NRAS … What Does it All Mean?

What is NRAS?

The Australian federal government launched the National Rental Affordability Scheme in 2008 to address two primary housing policy goals:

– increase the supply of new rental housing to match the demand

– improve the affordability of rental properties for middle income earners

NRAS is an economic initiative – part of the federal government’s Financial Stimulus Package – designed to stimulate the supply of affordable rental properties.

Treasurer Wayne Swan on NRAS… “As you know, rent increases are outstripping wages growth and inflation. This is making it harder for Australians on low to moderate incomes in the private rental market.

“NRAS is a major supply-side initiative to make rental properties more affordable by encouraging large-scale investment in rental housing for low and moderate income families and individuals. It aims to assist institutional investors, developers and not-for-profit groups to deliver 50,000 rental dwellings over the next four financial years by creating a new residential property asset class for property investors.”

What are the key benefits for investors?

The incentives are designed to encourage Australians to invest in rental housing and at the same time build wealth through capital growth in the property market.

– Government funded tax free incentives totalling $100,000+ over 10 years (with indexation)

– Increased property occupancy as a result of high demand for NRAS rental properties

– NRAS incentive is income tax free

Which properties can be NRAS properties?

There is no discrimination through the quality of housing – NRAS housing is no different to new standard owner occupier or investment houses, townhouses or units.

– All NRAS housing must be pre-approved under the federal government’s sustainability criteria

– NRAS properties must be located in urban or regional growth areas with strong jobs growth and high rental property demand

– Approved NRAS properties typically range in price from less then $300,000 to $500,000, depending on their location

How does NRAS work for tenants?

Market rentals are subject to independent valuations in years one, four and seven, of the NRAS scheme. These are indexed to the rental component of the CPI in other years.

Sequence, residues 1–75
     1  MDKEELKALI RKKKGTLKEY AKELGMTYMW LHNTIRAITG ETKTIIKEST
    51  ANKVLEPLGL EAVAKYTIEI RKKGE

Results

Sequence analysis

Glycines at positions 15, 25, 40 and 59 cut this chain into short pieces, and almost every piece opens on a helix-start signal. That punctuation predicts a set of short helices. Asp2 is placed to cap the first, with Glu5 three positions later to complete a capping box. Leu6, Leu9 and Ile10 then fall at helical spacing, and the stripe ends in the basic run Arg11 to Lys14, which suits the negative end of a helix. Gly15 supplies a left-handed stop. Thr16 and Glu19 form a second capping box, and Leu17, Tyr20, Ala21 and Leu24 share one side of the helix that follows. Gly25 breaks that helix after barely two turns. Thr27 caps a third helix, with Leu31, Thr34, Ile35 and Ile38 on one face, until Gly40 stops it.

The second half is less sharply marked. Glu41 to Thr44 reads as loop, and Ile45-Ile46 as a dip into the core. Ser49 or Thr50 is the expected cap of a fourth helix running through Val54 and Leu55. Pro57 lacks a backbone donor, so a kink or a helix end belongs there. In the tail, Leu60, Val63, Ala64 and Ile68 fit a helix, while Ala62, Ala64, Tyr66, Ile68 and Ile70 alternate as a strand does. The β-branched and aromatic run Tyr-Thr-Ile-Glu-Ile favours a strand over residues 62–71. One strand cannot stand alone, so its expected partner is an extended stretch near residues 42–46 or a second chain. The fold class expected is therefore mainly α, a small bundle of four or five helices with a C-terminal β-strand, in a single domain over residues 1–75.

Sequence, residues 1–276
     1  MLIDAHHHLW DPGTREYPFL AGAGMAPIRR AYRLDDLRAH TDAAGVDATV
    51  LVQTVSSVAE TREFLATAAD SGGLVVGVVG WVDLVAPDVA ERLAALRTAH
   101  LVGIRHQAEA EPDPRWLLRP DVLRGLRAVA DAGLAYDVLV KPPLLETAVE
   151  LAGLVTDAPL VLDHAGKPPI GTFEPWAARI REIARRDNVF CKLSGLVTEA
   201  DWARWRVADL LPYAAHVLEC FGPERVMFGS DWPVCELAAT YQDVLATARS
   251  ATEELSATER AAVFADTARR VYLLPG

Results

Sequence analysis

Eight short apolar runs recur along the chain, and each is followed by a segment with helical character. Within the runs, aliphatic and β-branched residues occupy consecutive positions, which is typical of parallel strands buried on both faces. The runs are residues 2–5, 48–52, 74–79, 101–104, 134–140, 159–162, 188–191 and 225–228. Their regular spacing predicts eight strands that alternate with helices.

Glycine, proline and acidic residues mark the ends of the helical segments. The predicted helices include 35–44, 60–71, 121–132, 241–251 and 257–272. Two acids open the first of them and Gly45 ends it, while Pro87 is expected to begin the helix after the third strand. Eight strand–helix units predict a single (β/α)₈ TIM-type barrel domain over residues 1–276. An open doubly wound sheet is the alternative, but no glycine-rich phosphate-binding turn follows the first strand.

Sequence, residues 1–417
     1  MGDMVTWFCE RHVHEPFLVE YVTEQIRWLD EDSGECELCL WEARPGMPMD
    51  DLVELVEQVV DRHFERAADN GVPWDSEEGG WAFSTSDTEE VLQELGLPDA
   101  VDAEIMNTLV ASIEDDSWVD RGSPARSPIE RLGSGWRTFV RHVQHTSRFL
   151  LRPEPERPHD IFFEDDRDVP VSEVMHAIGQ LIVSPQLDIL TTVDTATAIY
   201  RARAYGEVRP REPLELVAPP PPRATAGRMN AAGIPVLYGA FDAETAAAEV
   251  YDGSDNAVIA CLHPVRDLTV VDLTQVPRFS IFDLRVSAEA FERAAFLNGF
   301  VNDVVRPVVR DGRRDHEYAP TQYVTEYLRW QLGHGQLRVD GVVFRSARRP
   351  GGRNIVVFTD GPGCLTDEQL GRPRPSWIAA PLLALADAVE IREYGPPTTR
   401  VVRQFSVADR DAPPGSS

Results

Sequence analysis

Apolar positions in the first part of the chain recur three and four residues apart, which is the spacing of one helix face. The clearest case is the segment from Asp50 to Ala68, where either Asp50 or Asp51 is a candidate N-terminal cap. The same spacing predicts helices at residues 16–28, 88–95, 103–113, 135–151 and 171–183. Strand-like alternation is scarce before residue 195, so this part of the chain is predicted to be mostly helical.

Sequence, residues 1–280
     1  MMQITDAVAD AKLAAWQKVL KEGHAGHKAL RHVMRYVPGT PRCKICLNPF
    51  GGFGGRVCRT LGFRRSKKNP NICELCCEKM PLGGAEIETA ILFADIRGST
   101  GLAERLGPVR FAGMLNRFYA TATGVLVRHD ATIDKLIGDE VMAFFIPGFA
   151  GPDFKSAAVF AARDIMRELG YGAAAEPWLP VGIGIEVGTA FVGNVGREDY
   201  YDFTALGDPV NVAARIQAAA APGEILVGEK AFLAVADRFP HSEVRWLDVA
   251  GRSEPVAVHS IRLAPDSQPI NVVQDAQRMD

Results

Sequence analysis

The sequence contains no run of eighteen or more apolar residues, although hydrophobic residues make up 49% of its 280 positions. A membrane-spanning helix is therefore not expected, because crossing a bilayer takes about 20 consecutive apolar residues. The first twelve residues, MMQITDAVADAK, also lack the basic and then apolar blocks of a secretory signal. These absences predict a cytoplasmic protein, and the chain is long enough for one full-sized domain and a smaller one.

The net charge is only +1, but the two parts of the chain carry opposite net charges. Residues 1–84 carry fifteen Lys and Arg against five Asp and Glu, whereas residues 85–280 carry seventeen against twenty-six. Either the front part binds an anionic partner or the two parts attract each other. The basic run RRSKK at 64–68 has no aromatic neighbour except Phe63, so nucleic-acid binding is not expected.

To be eligible, prospective tenant households must be within certain income thresholds. These thresholds vary from just over $41,000 per annum for a single adult person to more than $100,000 per annum for two parents and three children.

– Eligible tenants receive a discount of 20% to 25% off normal market rents

– Tenants are subject to normal tenancy criteria checks

– The target market is typical middle income families and professionals such as police, teachers, nurses, public servants and tradespersons

How does NRAS work for investors?

Property investors in the NRAS scheme receive a generous tax free incentive over 10 years.

– The initial NRAS incentive was $8,000 in the 2008 financial year

– The NRAS incentive is increased on 1 May each year by the “Rental CPI”

– The NRAS incentive is currently $9,524 for the 2011-2012 financial year

– The NRAS incentive is paid to investors each year in two parts – 75% as a tax rebate from the federal government upon lodgement of income tax returns and 25% in cash from the respective state government

– NRAS properties can be sold at any time, with the remaining benefits (for that and subsequent years) being passed on to the new investor

What about NRAS in management rights?

For the resident manager, there are a few main issues to consider:

– The standard commission fee charged on the lower NRAS rentals will reduce the resident manager’s monthly income and net profit of their business

– The additional paperwork obligations on the resident manager under the NRAS scheme will increase their workload

– The resident manager may charge an NRAS administration fee to the unit owner to compensate them for their increased paperwork obligations, thus offsetting the reduced commission earnings

– The additional NRAS administration fee charged to unit owner will reduce the net result of the government funded tax free incentives for the unit owner

Most importantly, resident managers considering the purchase of an off-the-plan permanent management rights complex with NRAS schemes in the complex need to ensure their letting authorities for the NRAS dwellings address the above issues … after all, we don’t just do this for the love of it.

Tony Rossiter

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